As the Hangover careened down the frozen food aisle with a full cart, little did he expect to find a cardboard display selling Elizabeth Gilbert’s Eat, Pray, Love. How does a writer this good wind up just past sub-zero waffles, pancakes, and breakfast sandwiches?
It’s obvious as to why a supermarket would be an effective spot for selling the biggest and best piece of chick lit written this century. The Hangover bought the book for the missus two Christmases ago. She loved it. And it has to have been read by every women’s book group in the country by now. But to reach the five or six females in every town who may have somehow missed it, the grocery store seems a dream venue.
Gilbert is no Michael Crichton or Nora Roberts, whose trashy paperbacks formerly comprised the top echelon of supermarket literature. Gilbert can write–extremely well. That she has to be placed in the vicinity of TGI Friday’s jalapeno poppers and Jackie Collins’ Fabio-covered drivel is unfortunate. On the other hand. while the rest of the economy is tanking, Gilbert’s personal GNP continues to rise.
Although The Hangover has not read Eat, Pray, Love (yet), I have read and enjoyed her fiction. Stern Men, set in Maine, is a rollicking, funny novel with depth. It’s John Irving-lite, and that is meant with no disrespect. Pilgrims,Gilbert’s short story collection from 1997, is brilliant. Gilbert’s a sharp, incisive writer and her stories are tough, humorous, and engaging.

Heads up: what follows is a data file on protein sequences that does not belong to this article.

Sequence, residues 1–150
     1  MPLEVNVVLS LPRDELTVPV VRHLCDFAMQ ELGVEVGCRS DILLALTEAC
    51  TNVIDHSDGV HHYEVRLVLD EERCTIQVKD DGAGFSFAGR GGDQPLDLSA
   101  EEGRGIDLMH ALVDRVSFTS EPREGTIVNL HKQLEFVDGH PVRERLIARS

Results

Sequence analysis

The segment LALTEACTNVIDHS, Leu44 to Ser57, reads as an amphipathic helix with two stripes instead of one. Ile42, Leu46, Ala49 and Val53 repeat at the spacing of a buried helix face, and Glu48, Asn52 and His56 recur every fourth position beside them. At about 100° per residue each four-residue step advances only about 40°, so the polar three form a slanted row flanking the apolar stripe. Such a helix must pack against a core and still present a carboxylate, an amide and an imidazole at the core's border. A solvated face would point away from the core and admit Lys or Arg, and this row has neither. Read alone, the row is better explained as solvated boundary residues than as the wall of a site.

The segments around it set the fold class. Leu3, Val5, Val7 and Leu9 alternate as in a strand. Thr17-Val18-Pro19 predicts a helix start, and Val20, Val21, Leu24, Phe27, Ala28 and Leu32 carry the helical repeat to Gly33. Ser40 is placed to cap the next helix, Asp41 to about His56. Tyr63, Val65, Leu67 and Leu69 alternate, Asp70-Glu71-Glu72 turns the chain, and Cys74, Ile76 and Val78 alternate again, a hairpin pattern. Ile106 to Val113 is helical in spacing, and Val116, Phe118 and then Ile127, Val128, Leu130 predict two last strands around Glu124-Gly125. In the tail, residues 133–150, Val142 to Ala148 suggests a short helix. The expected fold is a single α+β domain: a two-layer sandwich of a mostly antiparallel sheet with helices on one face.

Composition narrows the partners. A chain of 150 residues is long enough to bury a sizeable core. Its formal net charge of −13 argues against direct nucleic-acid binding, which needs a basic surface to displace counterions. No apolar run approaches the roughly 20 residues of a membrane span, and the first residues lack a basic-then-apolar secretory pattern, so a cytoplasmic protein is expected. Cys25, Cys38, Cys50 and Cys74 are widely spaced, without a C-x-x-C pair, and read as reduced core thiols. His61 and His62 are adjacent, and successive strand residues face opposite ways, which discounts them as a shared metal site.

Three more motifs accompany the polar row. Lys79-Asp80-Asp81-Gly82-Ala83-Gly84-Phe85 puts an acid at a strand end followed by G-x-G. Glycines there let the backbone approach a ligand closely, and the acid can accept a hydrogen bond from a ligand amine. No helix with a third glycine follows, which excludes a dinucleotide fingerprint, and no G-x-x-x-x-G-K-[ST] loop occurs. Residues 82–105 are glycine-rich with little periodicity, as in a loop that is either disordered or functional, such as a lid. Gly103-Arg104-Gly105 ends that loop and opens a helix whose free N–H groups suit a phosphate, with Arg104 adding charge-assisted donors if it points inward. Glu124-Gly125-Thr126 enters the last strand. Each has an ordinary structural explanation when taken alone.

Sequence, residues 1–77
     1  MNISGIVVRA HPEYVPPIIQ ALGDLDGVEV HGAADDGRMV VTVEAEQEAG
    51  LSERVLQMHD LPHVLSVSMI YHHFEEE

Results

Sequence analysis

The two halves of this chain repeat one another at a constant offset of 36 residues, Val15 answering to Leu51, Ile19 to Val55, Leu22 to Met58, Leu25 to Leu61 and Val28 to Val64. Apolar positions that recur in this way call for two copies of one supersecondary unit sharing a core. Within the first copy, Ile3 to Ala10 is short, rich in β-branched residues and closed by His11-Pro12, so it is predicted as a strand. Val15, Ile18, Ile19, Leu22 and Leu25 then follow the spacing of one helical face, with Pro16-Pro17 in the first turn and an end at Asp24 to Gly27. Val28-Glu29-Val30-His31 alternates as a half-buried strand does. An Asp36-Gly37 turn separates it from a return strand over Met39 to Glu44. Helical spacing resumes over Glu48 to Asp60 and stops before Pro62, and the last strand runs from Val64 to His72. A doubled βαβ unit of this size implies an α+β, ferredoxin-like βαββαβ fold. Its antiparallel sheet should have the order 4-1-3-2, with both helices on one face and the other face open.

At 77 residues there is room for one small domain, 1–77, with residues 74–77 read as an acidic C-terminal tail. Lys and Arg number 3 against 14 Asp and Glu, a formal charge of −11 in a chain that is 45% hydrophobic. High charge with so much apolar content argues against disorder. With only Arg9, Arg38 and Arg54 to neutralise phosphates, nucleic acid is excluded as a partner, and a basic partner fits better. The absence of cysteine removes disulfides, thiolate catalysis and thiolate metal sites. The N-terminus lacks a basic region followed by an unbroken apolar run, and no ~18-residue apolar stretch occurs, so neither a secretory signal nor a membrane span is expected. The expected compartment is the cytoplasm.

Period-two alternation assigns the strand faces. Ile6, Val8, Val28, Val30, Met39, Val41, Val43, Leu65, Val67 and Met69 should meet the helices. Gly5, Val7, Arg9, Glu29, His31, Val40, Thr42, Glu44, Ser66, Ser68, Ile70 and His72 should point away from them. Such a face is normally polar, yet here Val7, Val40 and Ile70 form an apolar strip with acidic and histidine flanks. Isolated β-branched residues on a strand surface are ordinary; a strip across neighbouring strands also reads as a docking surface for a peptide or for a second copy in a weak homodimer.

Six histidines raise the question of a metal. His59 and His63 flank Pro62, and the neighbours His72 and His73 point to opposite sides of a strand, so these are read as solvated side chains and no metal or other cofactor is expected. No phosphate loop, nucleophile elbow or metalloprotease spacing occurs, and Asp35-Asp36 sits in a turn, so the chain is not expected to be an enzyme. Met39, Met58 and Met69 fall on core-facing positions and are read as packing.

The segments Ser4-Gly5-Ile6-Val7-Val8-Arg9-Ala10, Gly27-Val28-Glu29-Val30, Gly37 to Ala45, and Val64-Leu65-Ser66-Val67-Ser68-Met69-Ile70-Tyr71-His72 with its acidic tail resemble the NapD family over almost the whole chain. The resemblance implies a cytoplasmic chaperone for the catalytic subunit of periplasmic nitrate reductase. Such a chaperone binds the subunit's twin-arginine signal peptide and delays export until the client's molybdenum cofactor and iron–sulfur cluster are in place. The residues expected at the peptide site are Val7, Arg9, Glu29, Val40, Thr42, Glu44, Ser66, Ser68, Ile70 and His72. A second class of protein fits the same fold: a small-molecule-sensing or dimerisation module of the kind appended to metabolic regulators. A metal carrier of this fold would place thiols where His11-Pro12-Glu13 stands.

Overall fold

While eschewing Oprah-ness, Pilgrims should still appeal to the same women who enjoyed Eat, Pray, Love. Here’s the opening from the story, Landing:
“I lived in San Francisco for three months and only slept with one person, a redneck from Tennessee. I could have done that back home and saved myself a lot of rent money. A city full of educated, successful men and I went after the first guy I saw wearing a John Deere hat.”
Or how about this one from, Come and Fetch These Stupid Kids
“Margie and Peg were arrested after they got drunk on the chef’s cooking wine and went into the parking lot and rubbed butter on the windshield of every car parked there. It was late at night. It was also late in September, and long past the end of tourist season.”
The Hangover can live with the shock of seeing Gilbert placed in the neighborhood of French toast, onion rings, and Danielle Steele. Now if the powers that be could only see fit to add Pilgrims and Stern Men to the kiosk, they’d be doing their customers a real service.